A person would be extremely fortunate to have the history of one of St. Croix’s oldest and most interesting families, the Lawaetz family, told to them by Kai and Irene Lawaetz, long-time Danish Crucians and charming raconteurs. We had just that unique fortune. We had come to the Lawaetz Family Museum at Estate Little La Grange to glimpse a bit of St. Croix’s past, and we came away with so much more.
Kai explained that the house had been his home for 75 years. He recalled the days when the now heavily treed hills were once grassland where cattle grazed. He and his siblings would ‘sled’ down the rolling hills on Royal Palm fronds. At the entrance to the property, a bridge (recently constructed with the assistance of funds from the USDA Conservation and from the Hovensa Oil Refinery) spans a gut, now dry, in which Kai and his brothers and sister learned to swim. At one time, a fresh water natural spring fed a creek here.
Ruins and remnants of the past abound on the property. Standing tall atop a nearby hill is a sugar mill, once powered by the wind, as well as a low, circular animal mill. Flamboyant trees add a splash of brilliant color to the scene. Below the hill, beautiful and sturdy stonework arches survive the test of time. A family of workers, who lived on the property, lost their home to a horrific hurricane in 1916. The remaining foundation is a reminder of the rigors of plantation life in the islands.
Beautiful flowers and greenery grace the remaining 19 acres of land, still owned by the Lawaetz family. The St. Croix Landmark Society has leased the museum and its land because of its historical value. Also, the Whim Museum has, on occasion, used the grounds for its annual Fathers’ Day Picnic. The Lawaetz family still gathers at the home for Christmas Eve, just as they have for over 100 years. Recently, the grounds have become a popular location for wedding ceremonies, offering not only natural beauty and history, but a strong familial aura.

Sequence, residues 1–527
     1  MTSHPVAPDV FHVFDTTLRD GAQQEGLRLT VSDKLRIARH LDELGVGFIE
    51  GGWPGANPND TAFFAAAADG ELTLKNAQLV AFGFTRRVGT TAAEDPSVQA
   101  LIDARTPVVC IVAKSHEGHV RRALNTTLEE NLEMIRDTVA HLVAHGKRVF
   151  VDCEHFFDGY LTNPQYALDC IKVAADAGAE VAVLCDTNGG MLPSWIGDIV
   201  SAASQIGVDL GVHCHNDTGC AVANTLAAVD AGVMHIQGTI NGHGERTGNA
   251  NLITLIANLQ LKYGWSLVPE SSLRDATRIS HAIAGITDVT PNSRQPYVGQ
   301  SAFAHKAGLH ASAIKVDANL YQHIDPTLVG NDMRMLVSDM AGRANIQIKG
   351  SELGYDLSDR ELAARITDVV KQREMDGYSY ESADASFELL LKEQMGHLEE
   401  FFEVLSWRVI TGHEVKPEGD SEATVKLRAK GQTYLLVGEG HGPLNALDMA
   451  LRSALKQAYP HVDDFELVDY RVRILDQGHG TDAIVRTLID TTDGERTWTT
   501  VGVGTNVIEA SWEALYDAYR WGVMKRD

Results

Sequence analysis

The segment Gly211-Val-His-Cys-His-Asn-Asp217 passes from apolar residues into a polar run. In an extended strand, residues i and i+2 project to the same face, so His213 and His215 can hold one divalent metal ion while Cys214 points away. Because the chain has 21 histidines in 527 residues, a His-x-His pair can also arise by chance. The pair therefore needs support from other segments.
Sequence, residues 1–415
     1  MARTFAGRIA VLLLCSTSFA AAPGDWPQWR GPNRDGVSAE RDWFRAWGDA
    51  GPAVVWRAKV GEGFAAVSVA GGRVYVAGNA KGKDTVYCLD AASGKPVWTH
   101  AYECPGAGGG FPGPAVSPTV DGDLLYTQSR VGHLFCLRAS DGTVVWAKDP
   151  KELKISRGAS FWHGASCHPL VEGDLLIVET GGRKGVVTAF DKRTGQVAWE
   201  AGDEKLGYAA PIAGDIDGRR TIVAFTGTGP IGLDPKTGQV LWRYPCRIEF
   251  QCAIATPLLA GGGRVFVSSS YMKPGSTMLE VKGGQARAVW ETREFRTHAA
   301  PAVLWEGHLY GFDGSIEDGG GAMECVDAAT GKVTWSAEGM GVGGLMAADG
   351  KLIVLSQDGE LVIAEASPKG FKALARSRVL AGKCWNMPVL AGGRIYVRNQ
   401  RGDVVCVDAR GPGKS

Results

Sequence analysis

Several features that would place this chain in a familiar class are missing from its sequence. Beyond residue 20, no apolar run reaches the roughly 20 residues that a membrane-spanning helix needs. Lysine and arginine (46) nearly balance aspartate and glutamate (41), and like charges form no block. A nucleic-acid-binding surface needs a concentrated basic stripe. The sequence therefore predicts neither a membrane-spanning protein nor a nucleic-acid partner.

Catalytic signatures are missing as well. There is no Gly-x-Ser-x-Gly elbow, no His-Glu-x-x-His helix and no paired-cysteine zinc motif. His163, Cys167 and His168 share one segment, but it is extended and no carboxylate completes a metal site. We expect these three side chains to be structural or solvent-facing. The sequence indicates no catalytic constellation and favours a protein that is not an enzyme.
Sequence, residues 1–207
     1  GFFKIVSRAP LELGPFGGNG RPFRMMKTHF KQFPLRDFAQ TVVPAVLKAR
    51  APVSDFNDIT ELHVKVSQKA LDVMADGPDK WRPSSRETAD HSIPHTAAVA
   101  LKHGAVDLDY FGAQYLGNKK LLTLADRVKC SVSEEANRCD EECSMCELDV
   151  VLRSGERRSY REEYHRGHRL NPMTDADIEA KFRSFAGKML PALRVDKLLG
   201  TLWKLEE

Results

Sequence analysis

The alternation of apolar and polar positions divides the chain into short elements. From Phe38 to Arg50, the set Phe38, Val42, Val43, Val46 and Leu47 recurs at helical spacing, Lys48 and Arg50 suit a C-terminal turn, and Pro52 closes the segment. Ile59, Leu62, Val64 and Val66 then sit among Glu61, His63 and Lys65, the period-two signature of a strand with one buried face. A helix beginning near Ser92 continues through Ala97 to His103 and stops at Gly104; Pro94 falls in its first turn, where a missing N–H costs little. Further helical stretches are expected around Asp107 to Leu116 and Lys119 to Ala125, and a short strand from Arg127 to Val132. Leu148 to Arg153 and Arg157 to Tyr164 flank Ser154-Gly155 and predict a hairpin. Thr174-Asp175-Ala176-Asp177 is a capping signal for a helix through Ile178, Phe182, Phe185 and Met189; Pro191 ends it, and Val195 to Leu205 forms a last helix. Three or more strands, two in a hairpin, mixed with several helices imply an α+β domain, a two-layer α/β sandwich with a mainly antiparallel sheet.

The museum has labeled much of the flora, identifying species that have resided at Little La Grange for centuries as well as some that have recently been introduced. This hibiscus is a hybrid created by Kai himself. It is one of many in their garden. The size of this breed of flower is awesome and the colors, brilliant. Kai puts them into shows and takes great pride in them. As anyone can see, there’s every reason to.
As we moved inside, Irene explained some of the history of the property. Carl Lawaetz, Kai’s father, was a farmer in Denmark when he accepted an offer to become the assistant manager of Estate Sion Farm. The year was 1890. It took him six years to save enough money for a down payment, but he managed, in 1896, to purchase a home and land, snuggled deep in the hillsides of western St. Croix. At the time, Estate Little La Grange consisted of 400 acres on which Carl raised crops and cattle.
When Carl purchased the home, it was completely barren with the exception of a mahogany bureau in which he found a carved wooden Indian, painted and holding a bow and arrow. The bureau dates from the 1800s and was possibly from England. Above a doorway in the home, the indian stands guard today as it has for over 200 years.